Photos by Eliesa Johnson
Two bowls of Ramen
If 2015 was the year our restaurants more fully embraced Italian, 2016 will be the year we run to ramen. And why not? Ramen provides similar noodle-based comfort. Tried and true bowls (of the authentic, non-instant sort) can be found at Tanpopo, Masu, moto-i, Zen Box, and Unideli, but the trend is ready to pop off thanks to newbie Ramen Kazama and a slew of forthcoming joints.
Chef-owner Matthew Kazama (formerly of Fuji Ya) opened his eponymous counter-service spot at Nicollet and 34th last fall. The space is spare but stylish in that hipster-minimalist way, with the requisite Minnesota state outline on the wall. There are only 46 seats, including a small kitchen bar and window counters, and they fill up fast—when I visited, Kazama hadn’t quite figured out how to avoid the need for some patrons to stand and try to slurp their noodles.
Just like at the noodle shops in Japan, you walk in, order at the counter, and then (hopefully) find a seat while waiting for the ramen to be brought to you. The menu is simple: five different bowls of ramen and various other dishes, including karaage fried chicken, spicy cucumber salad, and onigiri rice balls.
In the early days, the restaurant tried to be open for lunch and dinner, but it’d never make it to dinner—people jammed the place early and ate everything that had been prepped for the day. Now there’s no lunch, just dinner starting at 5 p.m. (though the line starts forming around 4:30). And yet Kazama still has days where it closes early because it’s out of food. Such is our local lust for real ramen.
Kazama’s bowls are generous, its broth beautifully rich and thickly flavored. One highlight is the tonkatsu (a.k.a. the Southside) pork broth, which has a silky depth and is a nourishing spoonful on its own. Accompanying the broth are slices of well-turned pork belly, a semi-hard egg, and, of course, ramen noodles. The noodles here are the Myojo brand from Japan, which are on the thinner side. Personally I like a heftier noodle, but these are fine, and the broth more than makes up for it. The shoyu bowl (a.k.a Old School) has a thinner broth that is no less flavorful, and the chili-redolent karamiso bowl (a.k.a. Magma) of bright-red broth decked with ground pork will warm you to your toes.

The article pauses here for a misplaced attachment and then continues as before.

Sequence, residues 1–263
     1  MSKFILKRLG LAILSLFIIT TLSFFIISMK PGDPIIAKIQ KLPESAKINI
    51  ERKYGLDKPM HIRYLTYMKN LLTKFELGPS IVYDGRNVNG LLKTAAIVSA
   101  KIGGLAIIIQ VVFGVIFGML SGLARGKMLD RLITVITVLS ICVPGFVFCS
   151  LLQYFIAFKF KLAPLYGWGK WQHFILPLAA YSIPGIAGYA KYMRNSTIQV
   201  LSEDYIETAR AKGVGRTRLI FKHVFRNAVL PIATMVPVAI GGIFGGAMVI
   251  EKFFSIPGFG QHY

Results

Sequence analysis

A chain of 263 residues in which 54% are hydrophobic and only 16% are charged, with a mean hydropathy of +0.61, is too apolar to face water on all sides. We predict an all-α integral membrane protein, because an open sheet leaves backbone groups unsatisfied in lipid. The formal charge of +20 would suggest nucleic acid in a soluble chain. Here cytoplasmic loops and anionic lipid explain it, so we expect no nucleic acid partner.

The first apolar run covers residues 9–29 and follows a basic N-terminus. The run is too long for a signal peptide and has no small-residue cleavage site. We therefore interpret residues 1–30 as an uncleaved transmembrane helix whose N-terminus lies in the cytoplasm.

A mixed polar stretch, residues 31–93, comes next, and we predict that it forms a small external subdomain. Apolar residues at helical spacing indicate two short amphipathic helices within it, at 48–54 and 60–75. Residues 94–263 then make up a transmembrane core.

Ramen Kazama takes the necessary time to make its rich broth, and that should be respected. I have no problem waiting for something well crafted, and am happy to let this tiny shop work out the kinks that arise from being slammed all the time. Do I think it’s the end-all-beat-all champ that eclipses all other ramen in town? Nope. But it’s a swell fit in the local landscape, and I appreciate that it’s planted a flag for the standalone ramen shop. With all the potential noodle places debuting this year, the game being brought should be fierce. I look forward to the slurp.
Now open/coming soon: Second-wave T.C. Ramen Shops
This new joint in Northeast offers ramen and other Asian favorites like Korean wings and bao buns. They have had a Boss Ramen with crispy fried Thai chilies, fish sauce, and a raw egg. 1032 3rd Ave. NE, Mpls., domogastro.com
At press time, this spinoff of Red Lantern Sushi in White Bear Lake was prepping for a January opening in the old Fuji Ya space in downtown St. Paul. 465 N. Wabasha St., St. Paul, redlanternsushi.com
Hong Kong Noodle House
Also prepping to open at press time, this shop will take up half of Eat Street’s Shuang Hur Asian market. The owners are promising lots of noodles and a full-service atmosphere. 2710 Nicollet Ave. S., Mpls.
Zen Box Izakaya
Owners John Ng and Lina Goh spent late last year traveling around Japan eating a lot of ramen. They are currently looking for the right location to open a ramen-only shop, and hopeful for a 2016 opening date.